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April 20, 2014

Easter Egg Downhill Roll

Dear Celebrants:

African American Family Day was today, April 21, Easter Monday, at the National Zoo. As in several recent years, the pleasant day of picnics and zoo sightseeing ended with a gang fight. Some years are worse than others. In 2000, a sixteen-year-old shot seven youths. In 2011, a gang of teens stabbed a boy repeatedly. Today, one or more youngsters shot two teens.

The historical photographs of African American Family Day, starting in 1891, show well-dressed men, women, and children, still in their Easter finery, genteelly celebrating with an Easter egg roll down a hill in the zoo.

There’s no lesson to be learned here. There’s only regret.

Gary Imhoff


Gray’s Lame Duck Period
Dorothy Brizill,

The change in the District’s primary date from September to April has resulted in an unprecedented lengthy lame duck period in District government. Vincent Gray will continue to serve as mayor for an additional nine months after losing his bid for reelection in the primary. During the lame duck period, until a new mayor takes office in January, the business of government will go on, and Mayor Gray and his administration will be making critical decisions regarding the District’s budget and finances, the appointment of department and agency heads, and the filling of vacancies on boards and commissions.

On April 3, Mayor Gray transmitted his Fiscal Year 2015 proposed budget and financial plan of $10.7 billion to the council, While it is a budget and plan that Gray’s administration developed, he will not be in office to execute it. In the coming weeks, during the period in which the council will hold hearings on the budget (April 9-May 9), and prior to the council’s final vote on the budget, it is likely that the two leading candidates to succeed Gray as mayor, Muriel Bowser and David Catania, will regard the FY2015 budget as a campaign battleground, and both may try to reshape the budget to reflect their goals and priorities if they are elected mayor.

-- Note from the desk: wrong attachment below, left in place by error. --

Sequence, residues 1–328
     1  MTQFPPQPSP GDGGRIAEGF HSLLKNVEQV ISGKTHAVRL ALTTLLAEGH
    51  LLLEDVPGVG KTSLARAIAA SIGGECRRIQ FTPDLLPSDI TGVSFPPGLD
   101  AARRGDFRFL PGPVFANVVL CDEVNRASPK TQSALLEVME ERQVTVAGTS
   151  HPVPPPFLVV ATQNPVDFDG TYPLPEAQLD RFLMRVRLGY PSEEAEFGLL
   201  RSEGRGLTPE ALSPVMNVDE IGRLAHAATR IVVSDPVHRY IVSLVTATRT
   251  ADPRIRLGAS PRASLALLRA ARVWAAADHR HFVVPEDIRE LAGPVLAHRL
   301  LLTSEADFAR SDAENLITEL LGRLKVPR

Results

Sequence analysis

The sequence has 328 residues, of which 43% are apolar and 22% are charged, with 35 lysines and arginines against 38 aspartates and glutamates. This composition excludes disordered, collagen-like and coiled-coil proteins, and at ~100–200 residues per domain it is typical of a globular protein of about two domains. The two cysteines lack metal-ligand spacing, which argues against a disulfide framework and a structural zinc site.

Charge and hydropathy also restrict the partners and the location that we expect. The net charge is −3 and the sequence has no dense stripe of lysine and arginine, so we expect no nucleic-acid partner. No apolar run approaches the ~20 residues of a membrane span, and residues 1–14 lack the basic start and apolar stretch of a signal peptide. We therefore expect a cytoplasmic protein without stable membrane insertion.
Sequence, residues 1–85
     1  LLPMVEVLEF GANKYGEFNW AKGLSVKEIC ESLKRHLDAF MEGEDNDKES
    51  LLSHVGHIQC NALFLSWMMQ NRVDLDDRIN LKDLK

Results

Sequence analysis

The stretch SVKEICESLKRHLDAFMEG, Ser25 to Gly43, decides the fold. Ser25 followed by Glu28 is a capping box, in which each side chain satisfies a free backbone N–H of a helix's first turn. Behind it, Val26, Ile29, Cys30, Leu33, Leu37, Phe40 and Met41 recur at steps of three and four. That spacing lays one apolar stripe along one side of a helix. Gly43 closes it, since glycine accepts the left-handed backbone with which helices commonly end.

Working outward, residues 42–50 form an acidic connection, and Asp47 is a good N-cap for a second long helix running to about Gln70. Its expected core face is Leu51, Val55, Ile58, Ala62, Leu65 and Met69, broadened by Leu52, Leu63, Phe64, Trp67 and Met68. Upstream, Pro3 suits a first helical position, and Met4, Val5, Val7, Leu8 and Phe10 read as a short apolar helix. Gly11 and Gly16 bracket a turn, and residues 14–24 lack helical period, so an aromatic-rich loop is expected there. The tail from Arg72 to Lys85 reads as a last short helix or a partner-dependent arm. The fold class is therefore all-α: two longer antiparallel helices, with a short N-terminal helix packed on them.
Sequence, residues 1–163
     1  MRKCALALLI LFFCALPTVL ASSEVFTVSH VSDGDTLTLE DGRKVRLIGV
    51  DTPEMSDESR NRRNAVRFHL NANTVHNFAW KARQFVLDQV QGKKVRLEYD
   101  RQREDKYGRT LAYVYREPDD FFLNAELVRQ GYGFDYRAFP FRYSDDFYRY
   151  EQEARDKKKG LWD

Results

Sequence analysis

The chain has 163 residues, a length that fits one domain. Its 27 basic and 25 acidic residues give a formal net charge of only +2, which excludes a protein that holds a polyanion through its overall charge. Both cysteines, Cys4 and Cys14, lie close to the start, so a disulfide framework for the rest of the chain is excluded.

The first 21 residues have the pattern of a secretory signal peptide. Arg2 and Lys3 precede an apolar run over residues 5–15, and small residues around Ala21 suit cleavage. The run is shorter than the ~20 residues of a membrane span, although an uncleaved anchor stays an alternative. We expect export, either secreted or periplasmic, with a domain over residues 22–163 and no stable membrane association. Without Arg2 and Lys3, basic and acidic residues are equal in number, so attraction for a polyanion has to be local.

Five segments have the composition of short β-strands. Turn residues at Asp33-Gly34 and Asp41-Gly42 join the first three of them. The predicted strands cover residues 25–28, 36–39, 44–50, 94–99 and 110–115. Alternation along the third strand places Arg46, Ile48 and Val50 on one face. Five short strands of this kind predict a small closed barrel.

In addition to budgetary issues, personnel matters will also consume the Gray administration in the remaining months of his term in office. Two key administration officials, Terry Bellamy (DDOT) and Nick Majett (DCRA), have already announced their intention to leave the DC government, and they will certainly be followed by many others. Forgoing the appointment and confirmation process, many vacancies at department and agencies will likely be filled by appointing interim or acting directors, most likely the senior deputies now in place at departments and agencies. Another serious personnel issue during Gray’s lame duck period will be the need to appoint a new Inspector General. On May 19, the term of Charles Willoughby, the District’s current Inspector General, ends. While it is generally acknowledged that Willoughby has been an ineffective, weak IG, the office could be an important, powerful force in the District government. It has a fifteen million dollar budget, and is supposed to play a critical role in the District government through “independent audits, investigations, and inspections to detect and prevent fraud, waste, and mismanagement.” Under District law, Willoughby cannot serve as IG in a holdover capacity beyond May 19, the expiration of his term in office (DC Code 1-301.115a). Moreover, as a result of Bill 15-183, the Inspector General Qualifications Amendment Act of 2003, which was authored by Vincent Orange in an effort to replace Charles Maddox, who was then the IG, District law now requires the IG to be a member of the DC bar for a least seven years (with seven years’ experience in the practice of law) and to be a certified public account in the District of Columbia (with seven years’ experience in the practice of accounting, tax consulting, or financial consulting) prior to being appointed to the position (DC Code 301.115(a). With these stringent requirements, finding an individual who could be a good, effective IG to replace Willoughby will not be easy.